You'll be hard-pressed finding a business that will let you use them for a mail drop without following the rules above. Plus the USPS won't deliver anything there if it doesn't look like it's addressed to the business itself. And if the business thinks you may be getting contraband delivered, they won't touch it, because they can actually be held liable for mail fraud - a federal crime.

    The point is you CANNOT communicate anonymously - that's the ultimate goal. This is why I'm now skeptical about the push for "Network Neutrality". Is it just a bait-and-switch? It's sold as a constraint on carriers, but seems likely to end up being an excuse to track everyone's activity. After all, how do they make sure they're properly regulating the Internet "utilities" and "protecting the children" online unless they can do deep packet inspection on every transmission line, and know who is posting to message boards?

  • by Anonymous Coward on Thursday May 27, 2010 @11:07PM (#32371996)

    That is an excellent point. Consider the difficulties trying to live "cash only."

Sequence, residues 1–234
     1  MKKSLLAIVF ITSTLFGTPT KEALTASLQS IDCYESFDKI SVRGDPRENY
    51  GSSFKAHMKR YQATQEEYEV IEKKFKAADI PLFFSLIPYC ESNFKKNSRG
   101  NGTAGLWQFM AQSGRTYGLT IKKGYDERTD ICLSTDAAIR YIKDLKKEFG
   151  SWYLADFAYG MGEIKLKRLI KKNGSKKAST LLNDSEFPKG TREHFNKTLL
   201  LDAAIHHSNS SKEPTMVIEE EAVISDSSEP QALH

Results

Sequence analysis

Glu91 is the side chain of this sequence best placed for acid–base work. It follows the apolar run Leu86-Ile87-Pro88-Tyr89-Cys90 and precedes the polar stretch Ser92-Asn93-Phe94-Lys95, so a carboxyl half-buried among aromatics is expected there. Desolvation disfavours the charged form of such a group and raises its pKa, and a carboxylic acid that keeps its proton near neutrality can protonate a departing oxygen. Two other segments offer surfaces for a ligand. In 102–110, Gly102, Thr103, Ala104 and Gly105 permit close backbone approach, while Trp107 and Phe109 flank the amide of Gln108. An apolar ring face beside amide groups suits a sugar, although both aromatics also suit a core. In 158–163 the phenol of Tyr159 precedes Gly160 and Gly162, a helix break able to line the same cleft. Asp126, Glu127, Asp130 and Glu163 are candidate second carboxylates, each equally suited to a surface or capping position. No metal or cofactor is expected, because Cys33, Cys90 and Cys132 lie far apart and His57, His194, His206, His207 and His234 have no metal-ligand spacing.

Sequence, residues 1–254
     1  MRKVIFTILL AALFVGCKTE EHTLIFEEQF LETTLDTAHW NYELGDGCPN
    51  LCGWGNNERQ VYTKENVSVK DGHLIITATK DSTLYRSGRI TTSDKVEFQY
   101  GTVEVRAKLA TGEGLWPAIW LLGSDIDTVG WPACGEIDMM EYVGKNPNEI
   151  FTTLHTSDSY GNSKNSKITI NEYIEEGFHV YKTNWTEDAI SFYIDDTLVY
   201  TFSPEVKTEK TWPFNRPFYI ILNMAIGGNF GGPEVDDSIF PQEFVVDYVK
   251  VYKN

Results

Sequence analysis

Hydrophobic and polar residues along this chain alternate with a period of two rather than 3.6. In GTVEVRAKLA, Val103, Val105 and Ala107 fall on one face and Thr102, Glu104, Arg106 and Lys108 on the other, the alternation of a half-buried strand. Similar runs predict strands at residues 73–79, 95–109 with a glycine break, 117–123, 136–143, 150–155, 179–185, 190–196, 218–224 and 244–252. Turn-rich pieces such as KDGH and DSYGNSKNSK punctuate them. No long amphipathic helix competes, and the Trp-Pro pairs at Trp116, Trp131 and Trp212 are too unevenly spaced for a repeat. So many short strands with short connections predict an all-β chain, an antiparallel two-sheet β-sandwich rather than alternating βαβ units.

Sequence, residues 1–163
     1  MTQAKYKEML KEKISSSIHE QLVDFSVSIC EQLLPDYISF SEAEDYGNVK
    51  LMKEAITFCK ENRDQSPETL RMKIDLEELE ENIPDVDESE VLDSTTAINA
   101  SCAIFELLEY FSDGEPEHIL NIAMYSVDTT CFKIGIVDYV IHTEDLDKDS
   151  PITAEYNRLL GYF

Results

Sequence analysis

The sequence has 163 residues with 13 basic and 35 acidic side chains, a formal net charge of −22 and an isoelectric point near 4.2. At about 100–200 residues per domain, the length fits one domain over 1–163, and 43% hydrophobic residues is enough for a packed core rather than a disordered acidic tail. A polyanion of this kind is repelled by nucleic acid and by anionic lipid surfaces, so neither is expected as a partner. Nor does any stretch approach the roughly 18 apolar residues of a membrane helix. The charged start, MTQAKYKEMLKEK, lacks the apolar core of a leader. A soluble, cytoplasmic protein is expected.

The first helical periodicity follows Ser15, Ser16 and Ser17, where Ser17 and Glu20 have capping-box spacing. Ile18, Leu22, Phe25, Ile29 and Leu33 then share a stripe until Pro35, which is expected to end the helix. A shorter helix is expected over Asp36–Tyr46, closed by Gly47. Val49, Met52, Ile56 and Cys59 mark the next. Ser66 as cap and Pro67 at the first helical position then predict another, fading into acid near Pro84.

Currently I only know of one business that pays employees in cash - Waffle House. It's either that or:

    $8-10 fees to cash paychecks, including thumbprint identification. Even if the check is:

    DRAWN ON THAT BANK - to which they reply, we are not a check cashing service (?!?!?! are they that stupid?), but of course since the turrists happened, it's because it is now a matter of being a:

    National Security Issue to have a check cashed at a bank. Don't believe me? Read the sign near the teller on the end.

    Unless your bill is local, it is impossible to pay in cash, and even then often difficult. This can be gotten by:

    Buying a money order for $1.50

    I see what you are saying, but I'd say it is less a matter of being an ATM to the government, and more a matter of tracking and control, as evidence by the FTA in the very beginning. There is no reason to outlaw cash if it is exceptionally difficult and expensive.

    Try to live cash only for a month. You'll probably quit.

  • by Jah-Wren Ryel (80510) on Thursday May 27, 2010 @11:29PM (#32372124)

    Was giving a fake name legal?

    As long as there is no intent to defraud, lying about anything, including your identity, is perfectly legal with only a few rare exceptions involving the government itself and even many of those exceptions the penalties are trivial. For example, you may end up in jail for lying on a concealed carry license application, but in most states lying about your name and address for your driver's license carries a penalty of, at worst, getting your license revoked if you get caught.